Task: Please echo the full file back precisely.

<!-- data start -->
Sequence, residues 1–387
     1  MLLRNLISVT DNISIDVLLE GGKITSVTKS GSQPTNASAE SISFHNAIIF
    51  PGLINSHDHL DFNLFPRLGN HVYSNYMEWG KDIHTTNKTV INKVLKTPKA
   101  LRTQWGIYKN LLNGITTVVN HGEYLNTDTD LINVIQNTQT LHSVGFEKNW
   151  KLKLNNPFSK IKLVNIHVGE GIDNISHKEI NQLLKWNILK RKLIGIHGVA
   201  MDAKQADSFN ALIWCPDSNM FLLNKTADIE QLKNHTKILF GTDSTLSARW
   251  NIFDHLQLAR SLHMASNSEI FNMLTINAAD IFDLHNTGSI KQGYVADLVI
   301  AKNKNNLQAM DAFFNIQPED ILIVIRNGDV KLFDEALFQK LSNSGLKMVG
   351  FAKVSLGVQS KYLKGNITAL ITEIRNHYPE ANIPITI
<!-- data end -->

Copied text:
Sequence, residues 1–387
     1  MLLRNLISVT DNISIDVLLE GGKITSVTKS GSQPTNASAE SISFHNAIIF
    51  PGLINSHDHL DFNLFPRLGN HVYSNYMEWG KDIHTTNKTV INKVLKTPKA
   101  LRTQWGIYKN LLNGITTVVN HGEYLNTDTD LINVIQNTQT LHSVGFEKNW
   151  KLKLNNPFSK IKLVNIHVGE GIDNISHKEI NQLLKWNILK RKLIGIHGVA
   201  MDAKQADSFN ALIWCPDSNM FLLNKTADIE QLKNHTKILF GTDSTLSARW
   251  NIFDHLQLAR SLHMASNSEI FNMLTINAAD IFDLHNTGSI KQGYVADLVI
   301  AKNKNNLQAM DAFFNIQPED ILIVIRNGDV KLFDEALFQK LSNSGLKMVG
   351  FAKVSLGVQS KYLKGNITAL ITEIRNHYPE ANIPITI